Life

Take on Nature: Croagh Patrick, the most dangerous mountain in Ireland

Croagh Patrick, with Clew Bay in the background – scree and loose stones can make climbing 'the Reek' treacherous

TWO years ago, on the last Sunday of July, sitting on the far shore of Clew Bay the pointy-tipped mountain on the opposite side was alive with activity.

Thousands of figures could be seen clambering upwards, while thousands more came in the opposite direction. A helicopter flew in across the bay and upwards to the white oratory on the summit and a few minutes later took off again.

It might have been ferrying the taoiseach, the president, archbishop, Bono, the Dalai Lama or some other dignitary, although more likely it was to airlift an injured pilgrim.

Every year on ‘Reek Sunday’ up to 30,000 pilgrims climb to the summit of the Co Mayo mountain where, according to Christian tradition, St Patrick fasted for 40 days. While I have never made the pilgrimage I have climbed Croagh Patrick on several occasions.

At the best of times it is a challenging climb, not in terms of the steepness of the ascent or the height, but because of the loose layers of stone that constantly shift beneath your feet.

In Ireland we are fortunate to have hundreds of mountains in all shapes and sizes that are accessible to walkers of moderate levels of fitness. A good pair of walking shoes, seasonal clothing, with a waterproof coat of some sort on standby, plus nourishment, a bottle of water, and common sense are all we need to safely tackle most of our summits.

But Croagh Patrick is different – despite being one of the most popular summits in Ireland it is also the most hazardous.

And, without judging the integrity or the motives of some of those who undertake the Reek Sunday pilgrimage, the basic standards of safety are often lowered. Even on non-pilgrimage days I have seen people climbing Croagh Patrick bare-foot, or in sandals. Some even make the ascent on their knees.

However, it is not the footwear, or lack of it, that has made Croagh Patrick so perilous, but the pure numbers who climb it and in particular on the last Sunday in July.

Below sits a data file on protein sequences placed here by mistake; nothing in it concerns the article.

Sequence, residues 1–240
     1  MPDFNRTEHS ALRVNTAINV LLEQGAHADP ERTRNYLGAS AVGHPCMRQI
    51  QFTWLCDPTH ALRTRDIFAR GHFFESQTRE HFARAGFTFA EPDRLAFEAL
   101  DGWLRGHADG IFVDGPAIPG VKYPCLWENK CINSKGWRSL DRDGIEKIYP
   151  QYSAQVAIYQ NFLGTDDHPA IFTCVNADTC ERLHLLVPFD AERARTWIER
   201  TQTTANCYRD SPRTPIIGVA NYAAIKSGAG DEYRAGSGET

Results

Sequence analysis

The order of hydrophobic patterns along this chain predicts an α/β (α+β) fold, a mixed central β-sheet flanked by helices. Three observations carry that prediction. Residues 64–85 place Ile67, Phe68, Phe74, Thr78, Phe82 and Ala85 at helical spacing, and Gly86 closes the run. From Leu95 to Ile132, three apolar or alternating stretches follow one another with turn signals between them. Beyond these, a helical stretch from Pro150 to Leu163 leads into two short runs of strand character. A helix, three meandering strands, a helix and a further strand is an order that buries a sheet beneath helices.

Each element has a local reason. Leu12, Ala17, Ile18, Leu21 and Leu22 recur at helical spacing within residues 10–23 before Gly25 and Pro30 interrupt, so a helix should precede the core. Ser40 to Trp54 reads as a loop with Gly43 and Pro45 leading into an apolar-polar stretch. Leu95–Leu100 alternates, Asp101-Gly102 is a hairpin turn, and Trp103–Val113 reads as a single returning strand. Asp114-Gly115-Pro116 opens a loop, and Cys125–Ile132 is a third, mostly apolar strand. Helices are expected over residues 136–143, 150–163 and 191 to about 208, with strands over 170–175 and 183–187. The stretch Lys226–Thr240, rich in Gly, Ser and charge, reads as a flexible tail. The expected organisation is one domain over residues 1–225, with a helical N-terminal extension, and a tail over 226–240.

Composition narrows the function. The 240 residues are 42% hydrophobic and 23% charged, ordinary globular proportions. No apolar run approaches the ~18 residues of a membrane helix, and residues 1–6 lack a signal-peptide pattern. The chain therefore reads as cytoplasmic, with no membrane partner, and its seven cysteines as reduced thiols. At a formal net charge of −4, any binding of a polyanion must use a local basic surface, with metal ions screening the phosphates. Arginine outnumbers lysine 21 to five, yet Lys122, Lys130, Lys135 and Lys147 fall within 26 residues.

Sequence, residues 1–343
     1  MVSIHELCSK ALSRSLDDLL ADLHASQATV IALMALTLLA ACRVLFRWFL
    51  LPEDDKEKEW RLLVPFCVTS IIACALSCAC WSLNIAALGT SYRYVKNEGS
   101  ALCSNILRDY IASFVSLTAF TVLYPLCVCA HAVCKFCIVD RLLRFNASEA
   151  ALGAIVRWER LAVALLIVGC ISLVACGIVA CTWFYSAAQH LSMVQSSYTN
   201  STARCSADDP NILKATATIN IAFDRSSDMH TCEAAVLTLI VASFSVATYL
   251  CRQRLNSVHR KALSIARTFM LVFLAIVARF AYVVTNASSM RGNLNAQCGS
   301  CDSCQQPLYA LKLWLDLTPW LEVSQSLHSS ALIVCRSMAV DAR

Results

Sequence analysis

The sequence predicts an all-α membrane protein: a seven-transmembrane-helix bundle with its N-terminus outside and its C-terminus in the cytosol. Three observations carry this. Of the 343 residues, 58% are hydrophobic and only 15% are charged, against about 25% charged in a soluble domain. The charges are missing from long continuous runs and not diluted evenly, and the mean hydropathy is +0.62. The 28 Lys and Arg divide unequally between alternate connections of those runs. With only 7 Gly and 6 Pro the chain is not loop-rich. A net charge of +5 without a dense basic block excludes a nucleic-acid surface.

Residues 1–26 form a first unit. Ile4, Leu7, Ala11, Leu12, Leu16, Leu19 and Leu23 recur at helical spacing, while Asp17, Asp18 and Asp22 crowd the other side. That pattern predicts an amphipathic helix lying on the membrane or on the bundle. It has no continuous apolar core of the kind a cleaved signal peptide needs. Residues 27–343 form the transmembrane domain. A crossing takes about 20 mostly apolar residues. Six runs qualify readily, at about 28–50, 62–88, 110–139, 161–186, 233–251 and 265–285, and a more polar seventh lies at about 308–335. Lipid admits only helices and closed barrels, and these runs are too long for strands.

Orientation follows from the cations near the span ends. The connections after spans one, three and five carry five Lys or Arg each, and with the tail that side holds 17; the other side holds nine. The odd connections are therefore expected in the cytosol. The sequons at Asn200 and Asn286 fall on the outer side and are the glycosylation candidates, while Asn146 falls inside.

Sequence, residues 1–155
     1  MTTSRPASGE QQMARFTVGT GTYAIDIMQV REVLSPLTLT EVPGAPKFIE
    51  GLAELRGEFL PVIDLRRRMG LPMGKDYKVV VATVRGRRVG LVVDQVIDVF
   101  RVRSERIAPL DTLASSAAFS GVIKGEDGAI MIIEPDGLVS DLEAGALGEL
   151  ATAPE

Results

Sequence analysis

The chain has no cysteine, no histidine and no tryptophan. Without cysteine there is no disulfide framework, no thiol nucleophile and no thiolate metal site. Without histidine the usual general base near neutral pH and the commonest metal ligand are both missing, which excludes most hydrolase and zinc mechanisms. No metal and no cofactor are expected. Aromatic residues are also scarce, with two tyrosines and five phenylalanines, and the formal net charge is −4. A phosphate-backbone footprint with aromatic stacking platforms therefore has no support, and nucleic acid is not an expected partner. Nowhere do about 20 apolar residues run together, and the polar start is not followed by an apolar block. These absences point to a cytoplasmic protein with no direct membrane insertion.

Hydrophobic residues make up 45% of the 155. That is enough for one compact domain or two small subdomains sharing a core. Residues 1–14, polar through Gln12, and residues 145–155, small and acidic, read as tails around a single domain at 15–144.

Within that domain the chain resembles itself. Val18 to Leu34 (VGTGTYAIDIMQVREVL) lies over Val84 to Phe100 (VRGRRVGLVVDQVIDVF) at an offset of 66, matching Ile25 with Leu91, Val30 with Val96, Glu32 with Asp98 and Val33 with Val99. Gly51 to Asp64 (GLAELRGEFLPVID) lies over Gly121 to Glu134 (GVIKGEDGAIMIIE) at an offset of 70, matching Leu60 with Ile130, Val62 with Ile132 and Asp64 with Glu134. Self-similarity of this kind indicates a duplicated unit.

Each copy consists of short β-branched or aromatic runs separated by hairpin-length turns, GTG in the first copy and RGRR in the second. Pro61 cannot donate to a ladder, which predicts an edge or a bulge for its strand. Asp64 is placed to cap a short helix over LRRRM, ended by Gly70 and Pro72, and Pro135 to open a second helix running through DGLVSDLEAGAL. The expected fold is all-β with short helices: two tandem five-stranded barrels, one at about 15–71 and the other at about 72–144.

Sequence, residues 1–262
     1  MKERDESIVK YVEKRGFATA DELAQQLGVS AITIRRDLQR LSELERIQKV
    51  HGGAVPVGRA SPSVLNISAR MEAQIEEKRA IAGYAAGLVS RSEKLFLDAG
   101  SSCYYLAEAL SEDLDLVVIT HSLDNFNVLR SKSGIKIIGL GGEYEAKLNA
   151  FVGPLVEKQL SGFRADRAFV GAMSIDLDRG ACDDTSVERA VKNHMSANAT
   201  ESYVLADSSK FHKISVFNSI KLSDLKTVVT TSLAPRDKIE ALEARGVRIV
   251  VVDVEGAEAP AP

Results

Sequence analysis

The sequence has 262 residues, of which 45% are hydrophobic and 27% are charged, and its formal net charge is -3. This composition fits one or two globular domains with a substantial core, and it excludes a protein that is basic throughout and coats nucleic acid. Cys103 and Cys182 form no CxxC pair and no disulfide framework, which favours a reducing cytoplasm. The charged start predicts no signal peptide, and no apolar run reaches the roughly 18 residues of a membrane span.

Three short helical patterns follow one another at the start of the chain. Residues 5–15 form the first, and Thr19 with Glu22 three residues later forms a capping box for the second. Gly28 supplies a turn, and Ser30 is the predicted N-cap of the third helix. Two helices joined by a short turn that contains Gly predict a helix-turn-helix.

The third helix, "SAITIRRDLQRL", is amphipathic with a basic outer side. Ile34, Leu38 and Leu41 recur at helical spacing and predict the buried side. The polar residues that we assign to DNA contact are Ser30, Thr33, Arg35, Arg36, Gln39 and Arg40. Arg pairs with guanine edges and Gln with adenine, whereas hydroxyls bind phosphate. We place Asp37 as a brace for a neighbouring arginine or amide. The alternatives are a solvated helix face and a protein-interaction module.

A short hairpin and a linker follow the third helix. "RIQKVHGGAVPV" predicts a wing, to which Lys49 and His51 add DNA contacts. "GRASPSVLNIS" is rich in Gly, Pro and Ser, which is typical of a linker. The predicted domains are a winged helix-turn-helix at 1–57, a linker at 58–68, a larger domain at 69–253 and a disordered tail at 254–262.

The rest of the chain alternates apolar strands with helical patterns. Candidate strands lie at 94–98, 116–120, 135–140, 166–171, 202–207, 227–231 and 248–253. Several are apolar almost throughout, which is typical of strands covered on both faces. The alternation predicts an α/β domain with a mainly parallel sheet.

Clambering up the badly eroded, iconic mountain two years ago just a few hours after 30,000 people had done so was like one of those challenges that mortals used to be set by petulant Greek gods. Each step upwards set layers of shifting stones sliding underfoot to bring me back to a point below where I had started.

Having climbed more than half way up and being so close to the summit with its superb views over Clew Bay to Achill Island, the Atlantic Ocean and Clare Island, it was an agony not to keep going.

But sometimes you just have to take the hint and after another dramatic slide backwards, my arms waving manically and body gyrating as I tried to stay upright, I gave up and turned back.

Nuns, priests, men and women in their 90s, kids just a few years old, corpulent politicians and people wearing fifth-century monk robes with whimsical looking Irish wolfhounds by their sides had all meandered up and down the previous day. But, I reasoned, there were other people there when they did so, medics on standby and helicopters in the vicinity to come to their aid if anything happened.

At 6am on the Monday after Reek Sunday it was just me and there was no-one to come to my rescue if I took a tumble – at least not for a few hours.

I compensated by climbing the smaller peak on the other side of the ridge where a hare bounded over my outstretched legs and a falcon swooped overhead.

On my way down I greeted a number of people starting the ascent, most of them wearing clothes and footwear that suggested they were just out for a dander rather than about to climb the most dangerous mountain in Ireland.

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